to the poorer citizens, the ruling class introduced a pernicious system of what was practically permanent occupation, on the condition of the state receiving from the occupier one-tenth of corn, or one-fifth of oil and wine. Thus the system of “precarium,” or tenure-onsufferance, above described, was now applied to the state lands; and not only did this tenure become permanent, but it was allowed only to the privileged patricians and their favorites; nor was the collection of the fifths or tenths enforced with more rigor than that of the pasture-tax. Thus the smaller landholders were deprived of the usufructs which were their right as burgesses, were more heavily taxed in consequence of the lax collection of the revenues from the use of the public land, and lost the old outlet for their energies, which had been provided by the assignations of land. Added to these evils was the system of working large estates by slaves, which at this time was introduced, and which dispossessed the small agrarian clients, or free laborers. Moreover, owing to the enforced absence from his farm in time of war, and the exorbitant taxation and other state-imposed works which war entailed, the farmer often lost possession of his farm, and was reduced to the position of bondsman, if not slave, of his creditor. This creditor was often a capitalist, to whom speculation in land offered a new and lucrative field; if left as nominal proprietor, and actual possessor of the farm, the debtor was perhaps saved from utter ruin, but was demoralized by the consciousness that his person and estate really belonged to another, and that he was entirely dependent on his creditor's mercy. The misery and distress caused by these evils threatened to annihiliate the middle class of smaller farmers, and matters were not long in coming to a crisis. About 495 B.C. a levy was called for. Owing to the exasperation produced by the strict enforcement of the law of debt, the farmers refused to obey. One of the consuls, Publius Servilius, induced them to do so, by suspending the law and liberating the imprisoned debtors. On their return from the field of victory, the other consul, Appius Claudius, enforced the debtor-laws with merciless rigor. The war was renewed in the following year; and this time the authority attaching to the dictatorship and the personal popularity of the dictator, Manius Valerius, were found necessary to win over the reluctant farmers. Victory again was with the Roman army; but on its return the senate refused to agree to the reforms proposed by the dictator. On the news of this refusal reaching the army, arrayed
outside the city gates, the whole force left its general and encampment, and marched to a hill between the Tiber and the Anio. This celebrated secession, to what was afterward called “the sacred mount (Mons Sacer), was terminated by the mediation of the dictator and the submission of the senate. The consequences of the movement undertaken by the multitude without a settled leader, and accomplished without bloodshed, were felt for many centuries. It was the origin of the tribunate of the plebs.
The following were the chief characteristics of the tribunate. The two tribunes were of plebeian rank, and elected by the plebeians assembled in curies. Their power was confined to the city's limits, and thus could not oppose the military imperium of the consul, which was all-powerful outside those limits, nor the authority of the dictator, whether exercised inside or outside the city. Within these limits the tribunes stood on an equal and independent footing with the consuls, and had the right to cancel any command, issued by a magistrate, upon a formal protest from the burgess aggrieved by such a command. This power of intercession made it possible for the tribunes to bring the ordinary administration and execution of the law to a deadlock while an appeal against the sentence of a judge or decree of the senate was being investigated. Their judicial powers, owing to the vague and ill-defined laws touching offenses against order, and crime against the community, were alike extensive and arbitrary. They could by their messengers summon before them any burgess, even the consul, arrest him on refusal, imprison him, or allow him bail pending investigation, and finally sentence him to death or the payment of a fine. An appeal from their sentence was heard, not by the whole body of burgesses, but by the whole plebeian body, and the tribunes defended themselves before this assembly in case of such an appeal. Out of this right of defense sprang the right of holding assemblies of the people, and addressing them on other matters, a right expressly guaranteed to the tribunes by the Icilian law of 492 B.C., which rendered liable to severe punishment anyone who interrupted a tribune while speaking, or who bade the assembly disperse. They could take the vote of the people at such meetings, and the "plebiscites," or resolutions thus passed, soon came to have a force and validity which did not properly belong to them. Lastly, the persons of the tribunes were declared inviolable, and the man who laid hands on them was counted accursed in the sight of gods and men.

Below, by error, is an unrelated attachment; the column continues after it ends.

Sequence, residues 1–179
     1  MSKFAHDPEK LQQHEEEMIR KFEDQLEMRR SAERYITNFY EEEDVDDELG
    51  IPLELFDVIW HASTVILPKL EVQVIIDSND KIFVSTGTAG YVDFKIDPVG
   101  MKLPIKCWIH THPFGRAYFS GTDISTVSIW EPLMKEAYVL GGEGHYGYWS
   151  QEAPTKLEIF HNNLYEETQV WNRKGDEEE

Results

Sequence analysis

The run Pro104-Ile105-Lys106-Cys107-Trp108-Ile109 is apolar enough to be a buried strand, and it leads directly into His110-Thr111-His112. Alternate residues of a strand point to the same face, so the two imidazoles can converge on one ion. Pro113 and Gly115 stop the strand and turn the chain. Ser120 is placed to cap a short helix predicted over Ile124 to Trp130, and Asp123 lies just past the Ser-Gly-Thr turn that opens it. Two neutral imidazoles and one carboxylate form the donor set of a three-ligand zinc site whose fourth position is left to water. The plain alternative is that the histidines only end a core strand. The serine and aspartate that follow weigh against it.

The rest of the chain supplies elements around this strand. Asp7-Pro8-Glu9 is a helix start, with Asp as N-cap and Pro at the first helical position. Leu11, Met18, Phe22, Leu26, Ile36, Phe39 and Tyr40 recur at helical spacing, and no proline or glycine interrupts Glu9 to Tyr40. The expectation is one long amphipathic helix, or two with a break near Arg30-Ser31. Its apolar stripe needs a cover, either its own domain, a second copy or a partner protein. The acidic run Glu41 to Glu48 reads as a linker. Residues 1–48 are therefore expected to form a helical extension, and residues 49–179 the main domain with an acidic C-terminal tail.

This outline of the tribunician power serves to show that it was really a copy of the consular power. In both cases the Roman check of intercession, or veto, plays a prominent part; as one consul could veto his colleague, so one tribune could thwart the other. The special power of vetoing the consul, or any other state magistrate, belonged to the tribune, in virtue of his position as protector and counsel of the plebs. Again, the duration of office was limited to a year in both cases, and in both cases the holder of the office could not be deposed. Further, in their criminal jurisdiction, two aediles were associated with the tribunes, just as two quaestors had been attached to the consuls; but the consul submitted to the prohibition of the tribune, while the tribune was unrestricted by any such prohibition from the consul. Still, although a copy, the tribunician power presented a contrast to the consular. It was essentially negative, while that of the consuls was essentially positive. The consuls alone were magistrates of the Roman people, as being elected by the whole burgess-body, and not merely by the plebeians. Therefore the consul alone had the outward insignia of office; the tribune lacked official attendants and the purple-bordered robe, and had no seat in the senate. Thus in this remarkable institution absolute prohibition was in the most stern and abrupt fashion opposed to absolute command; the quarrel was settled by legally recognizing and regulating the discord between rich and poor.
It remains for us to consider what was the political value of the tribunate. Springing as it did from the miseries caused by overtaxation, the baleful system of credit, and the pernicious occupation of the state lands, it yet put no stop to these evils. The reason of this is simply that the wealthy plebeians had as much interest in these abuses as the patricians. The good that the office might do in individual cases of hardship, and in helping plebeians to gain admission to state offices, was more than counterbalanced by the evil of rendering the administration of criminal law subject to the party passion of politics. For party purposes, too, the tribunes could employ their power to veto, and throw out of gear the machine of state, and thus pave the way for that very tyranny which they were created to render impossible. In the latter days of the republic we shall find that this was the very course they pursued; and the odium thus incurred found expression in the contemptuous definition of the tribunate as a “pestiferous power, the offspring of sedition, with sedition for its end and aim." The events which followed the insti.